Five conversations frame a flawed marriage in this film written by Ingmar Bergman about his parents. Guilt-ridden wife Anna (Pernilla August) divulges an extramarital affair to a priest, ... See full summary »
Max von Sydow,
Marianne, some thirty years after divorcing Johan, decides to visit her ex-husband at his summer home. She arrives in the middle of a family drama between Johan's son from another marriage and his granddaughter.
The film switches back and forth between the adventures of Pu on a summer holiday in Norrland in Sweden and and the adult Pu visiting his father who lives in an old people's home. Little Pu... See full summary »
From 1886 to 1907 in the life of Sofie, a Jew in Copenhagen who is nearly 29, with no marital prospects, living with her loving parents. An artist, Hans Hojby, meets Sofie and is entranced,... See full summary »
Berlin, 1923. Following the suicide of his brother, American circus acrobat Abel Rosenberg attempts to survive while facing unemployment, depression, alcoholism and the social decay of Germany during the Weimar Republic.
Presents the performance of Ingmar Bergman's play "Scenes of a Wedding". The work is presented with a composition of scenes from the original reading to the premiere, with intermediate ... See full summary »
The story of Ingmar Bergman's parents. In 1909, poor, idealistic theology student Henrik Bergman falls in love with Anna Åkerbloom, the intelligent, educated daughter of a rich family in ... See full summary »
Max von Sydow
Marianne is a theatre actress married to an orchestra conductor, Markus. She becomes involved in an affair with their director friend, David, which leads to a painful divorce and battle for custody of their daughter, Isabelle. Although all of them are merely fictional characters created by Bergman, their experiences become very real and traumatic for him.Written by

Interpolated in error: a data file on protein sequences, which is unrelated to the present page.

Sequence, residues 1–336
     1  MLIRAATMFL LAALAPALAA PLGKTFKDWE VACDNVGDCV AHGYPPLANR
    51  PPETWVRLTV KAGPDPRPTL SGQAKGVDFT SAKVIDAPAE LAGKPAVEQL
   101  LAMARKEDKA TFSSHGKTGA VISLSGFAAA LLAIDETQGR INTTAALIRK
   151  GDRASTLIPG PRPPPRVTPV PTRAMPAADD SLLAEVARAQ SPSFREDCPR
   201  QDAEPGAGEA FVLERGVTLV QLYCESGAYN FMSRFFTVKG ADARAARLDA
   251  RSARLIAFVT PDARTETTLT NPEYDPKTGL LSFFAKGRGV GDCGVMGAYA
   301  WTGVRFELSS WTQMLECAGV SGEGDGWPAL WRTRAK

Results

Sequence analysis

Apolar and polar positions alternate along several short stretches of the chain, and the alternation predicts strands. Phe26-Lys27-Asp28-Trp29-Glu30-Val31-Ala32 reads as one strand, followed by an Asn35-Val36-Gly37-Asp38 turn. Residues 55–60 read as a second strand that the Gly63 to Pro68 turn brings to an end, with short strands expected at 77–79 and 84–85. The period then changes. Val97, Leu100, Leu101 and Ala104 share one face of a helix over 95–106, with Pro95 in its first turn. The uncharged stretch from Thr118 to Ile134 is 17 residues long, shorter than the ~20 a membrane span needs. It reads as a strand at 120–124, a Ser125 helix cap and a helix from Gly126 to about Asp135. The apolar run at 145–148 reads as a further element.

Ensconced in the study of his house on a secluded island off the coast of Sweden, an aging director reminisces and reflects on aspects of his life apparently still in need of resolution, in `Faithless,' written by Ingmar Bergman and directed by Liv Ullmann. Bergman is the name of the director, played by Erland Josephson, who engages in a fantasy conversation with a woman named Marianne (Lena Endre), who confesses to him her affair, after eleven years of marriage, with a man named David (Krister Henriksson), the best friend of her husband, Markus (Thomas Hanzon). Through their conversations, as well as scenes depicting particular episodes from her life-- beginning with the initial encounter with David-- we learn the intimate details of Marianne's life, as well as Markus' and their young daughter's, Isabelle (Michelle Gylemo) and, of course, David's. It's an intense, engrossing character study that examines the weaknesses and foibles of human nature to which we are all susceptible. It's a story that is, by turns, grim and thoughtful, at times poignant, while at other moments distressing, as it reflects the myriad emotional levels to which the human condition is prone at any given time. As the story progresses, it becomes impossible to distance yourself from the characters involved in the drama, for there is so much about them with which anyone in the audience will be readily able to identify; not necessarily with the infidelities, but grounded in the choices we all must make throughout our lives and the consequences thereof, and upon which a film like this precipitates rumination. As with all of the films Bergman has written and/or directed during his career, it is a pensive, thought-provoking incursion into reality. As she proved with her directorial debut of the 1997 film `Private Confessions,' also scripted by Bergman, Liv Ullmann is more than up to the formidable task of bringing Bergman's story to the screen. Her style of directing is similar to Bergman's, as could be expected-- their close working and personal relationship has spanned more than thirty years-- but her approach is perhaps a bit softer than his, and uniquely her own. In the final analysis, any similarities are primarily due to the story, which lends itself to the style Bergman perfected and upon which Ullmann certainly draws. It's not so much a matter of imitation as it is of following an intrinsic pattern conducive to the storytelling, and Ullmann has an innate sensitivity to the material that translates into the presentation of the drama and elicits the necessary sympathy and compassion from the audience that enhances the impact of it. Like Bergman, she uses the camera to help capture the sense of the drama visually, which at times creates an almost ethereal, poetic atmosphere that contrasts so well with the more stoic aspects of the story. Ullmann has an excellent sense of rhythm, and the pace of the film allows the viewer time to assimilate the many nuances of emotion expressed through the characters. Lena Endre gives a remarkable performance as Marianne, infusing a passion into the character that makes it ring so true to life, and it's one of the strengths of the film. She bares Marianne's soul, leaving no question as to the inner turmoil with which she must cope, and it reflects in Bergman's character as well; through her struggles we also feel the remorse of Bergman's character, and upon reflection it makes you realize how effective Josephson is in the role of Bergman. For it is in his subtle reactions to the phantom Marianne, and in his silent ruminations, that we learn so much about all that has transpired in their lives. Henriksson gives a notable performance as well, deftly exposing the complexities of the character that lie beneath the somewhat reserved exterior of the man, while Hanzon is effective as Markus, as is Gylemo as the young Isabelle. With `Faithless,' Ullmann firmly establishes her mark as an artist of extraordinary vision and sense of reality. Her collaboration with Ingmar Bergman is a cinematic triumph, and we can only hope that there will be more to follow, for with every film they make, another chapter is written in the Book of Life. I rate this one 10/10.